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The Revolutionary New Interior of Notre Dame

Rita A. Stewart

Onlookers watch with grief Notre Dame burning

Since its completion in the 13th century, the Cathedral of Notre Dame de Paris has stood as a testament to the glorious Middle Ages. Built to embody the solemn, hierarchical and sacral aspects of the Catholic Church, this monumental Cathedral has helped to combat heresy, (1) and perhaps even to retard the Revolution.

Therefore, when much of the building was destroyed by fire in 2019, it was cause for grief and consternation, not just in France but around the world. Its iconic steeple and roof, ablaze in fiery flames and billowing smoke, seemed to symbolize our calamitous days.

Now that plans for the redesigned cathedral have been released, this symbolism has taken on added and tragic meaning. If Notre Dame were rebuilt according to plans, it would have been transformed into an icon of the Revolution. No longer pointing to God and Our Lady, it will do the opposite, reflecting our miserablist, secular and ecumenical society.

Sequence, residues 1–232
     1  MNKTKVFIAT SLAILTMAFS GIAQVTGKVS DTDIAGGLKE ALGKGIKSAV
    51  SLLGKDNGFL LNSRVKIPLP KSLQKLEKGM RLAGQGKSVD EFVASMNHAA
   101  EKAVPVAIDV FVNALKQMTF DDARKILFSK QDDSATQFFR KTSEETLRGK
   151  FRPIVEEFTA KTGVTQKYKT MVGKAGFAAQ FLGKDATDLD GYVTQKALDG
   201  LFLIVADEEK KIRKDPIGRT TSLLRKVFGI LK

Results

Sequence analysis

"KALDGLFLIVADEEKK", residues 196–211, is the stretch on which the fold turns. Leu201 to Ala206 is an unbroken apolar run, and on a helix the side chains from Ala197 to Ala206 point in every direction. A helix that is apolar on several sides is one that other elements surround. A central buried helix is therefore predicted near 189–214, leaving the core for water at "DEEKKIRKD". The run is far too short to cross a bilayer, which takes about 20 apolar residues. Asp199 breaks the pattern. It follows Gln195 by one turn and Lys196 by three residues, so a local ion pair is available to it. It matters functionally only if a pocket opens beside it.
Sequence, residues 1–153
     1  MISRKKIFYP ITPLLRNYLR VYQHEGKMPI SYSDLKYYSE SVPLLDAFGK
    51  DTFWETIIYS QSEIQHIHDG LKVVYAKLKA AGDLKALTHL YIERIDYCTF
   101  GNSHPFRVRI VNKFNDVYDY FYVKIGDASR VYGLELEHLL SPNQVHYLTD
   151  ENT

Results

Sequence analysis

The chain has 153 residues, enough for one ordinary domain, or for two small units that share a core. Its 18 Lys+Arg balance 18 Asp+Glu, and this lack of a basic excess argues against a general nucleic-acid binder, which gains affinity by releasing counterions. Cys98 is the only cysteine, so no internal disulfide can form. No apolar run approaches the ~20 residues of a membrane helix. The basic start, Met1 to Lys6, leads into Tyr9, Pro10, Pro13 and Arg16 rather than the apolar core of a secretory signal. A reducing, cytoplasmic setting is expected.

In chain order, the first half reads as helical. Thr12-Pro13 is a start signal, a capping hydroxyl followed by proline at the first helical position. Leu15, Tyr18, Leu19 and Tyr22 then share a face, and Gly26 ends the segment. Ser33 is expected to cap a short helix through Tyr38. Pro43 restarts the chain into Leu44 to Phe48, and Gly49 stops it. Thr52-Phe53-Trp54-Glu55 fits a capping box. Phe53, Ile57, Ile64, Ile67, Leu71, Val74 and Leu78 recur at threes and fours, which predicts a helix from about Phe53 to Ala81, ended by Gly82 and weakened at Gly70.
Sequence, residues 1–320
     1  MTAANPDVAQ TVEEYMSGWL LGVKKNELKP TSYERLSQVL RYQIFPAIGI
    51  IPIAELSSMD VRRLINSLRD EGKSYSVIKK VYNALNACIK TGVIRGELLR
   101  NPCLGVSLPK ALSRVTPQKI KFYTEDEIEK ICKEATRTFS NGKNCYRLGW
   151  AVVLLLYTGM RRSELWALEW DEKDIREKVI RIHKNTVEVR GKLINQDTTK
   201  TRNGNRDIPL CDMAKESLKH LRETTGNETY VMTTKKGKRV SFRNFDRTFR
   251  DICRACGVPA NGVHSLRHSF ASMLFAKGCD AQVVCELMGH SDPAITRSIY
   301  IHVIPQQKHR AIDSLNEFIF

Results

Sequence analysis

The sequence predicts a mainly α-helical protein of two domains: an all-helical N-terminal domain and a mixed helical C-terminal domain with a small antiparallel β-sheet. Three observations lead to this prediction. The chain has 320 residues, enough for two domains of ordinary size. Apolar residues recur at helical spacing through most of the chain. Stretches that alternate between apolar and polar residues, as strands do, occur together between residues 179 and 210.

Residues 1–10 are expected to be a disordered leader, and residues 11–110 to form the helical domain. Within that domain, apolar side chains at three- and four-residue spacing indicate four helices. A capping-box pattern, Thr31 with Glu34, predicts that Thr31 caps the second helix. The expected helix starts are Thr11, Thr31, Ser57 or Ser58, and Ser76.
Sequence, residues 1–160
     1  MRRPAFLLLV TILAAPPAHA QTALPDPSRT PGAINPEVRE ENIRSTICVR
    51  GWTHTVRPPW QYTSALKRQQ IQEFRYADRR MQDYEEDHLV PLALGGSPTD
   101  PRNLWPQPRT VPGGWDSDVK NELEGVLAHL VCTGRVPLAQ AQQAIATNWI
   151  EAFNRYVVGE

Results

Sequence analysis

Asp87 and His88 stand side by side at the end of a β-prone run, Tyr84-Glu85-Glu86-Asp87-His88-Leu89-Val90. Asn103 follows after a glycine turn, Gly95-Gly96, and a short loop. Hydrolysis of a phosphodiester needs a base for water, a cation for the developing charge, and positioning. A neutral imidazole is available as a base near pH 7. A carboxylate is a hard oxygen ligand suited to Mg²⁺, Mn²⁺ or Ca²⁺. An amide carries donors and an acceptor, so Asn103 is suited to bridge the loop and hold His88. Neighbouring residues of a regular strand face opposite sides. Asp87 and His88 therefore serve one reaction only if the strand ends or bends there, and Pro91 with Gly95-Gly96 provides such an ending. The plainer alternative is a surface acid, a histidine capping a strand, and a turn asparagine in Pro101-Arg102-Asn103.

Upon first examining the plans for the cathedral, some may be relieved. As opposed to the more outrageous proposals put forth in 2019 (such as the swimming pool roof and the greenhouse roof plan), this version leaves the building’s structure largely unchanged. Notwithstanding, its spirit has changed and the newly designed interior has become almost unrecognizable.

swimming pool notre dame

Proposals for a swimming pool on the roof &, below, strange new spires,
were rejected, but the interior was completely changed

spires nortre dame

The stone columns, once majestic and solemn, now appear cold. Likewise, the high ceilings, instead of inspiring contemplation of God’s grandeur, make the church seem hollow. There is also a conspicuous absence of crucifixes and statues of Saints.

Whereas the magnificent Notre Dame of old reflected perennial Catholic doctrines, the redesigned interior of the cathedral will be based upon the principles of Vatican II. Designer Guillame Bardet, famous for his “minimalist” style, seems to adhere to the progressivist vision of a “poor and sinner Church.”

new design notre dame

The disconcerting design for the new Notre Dame interior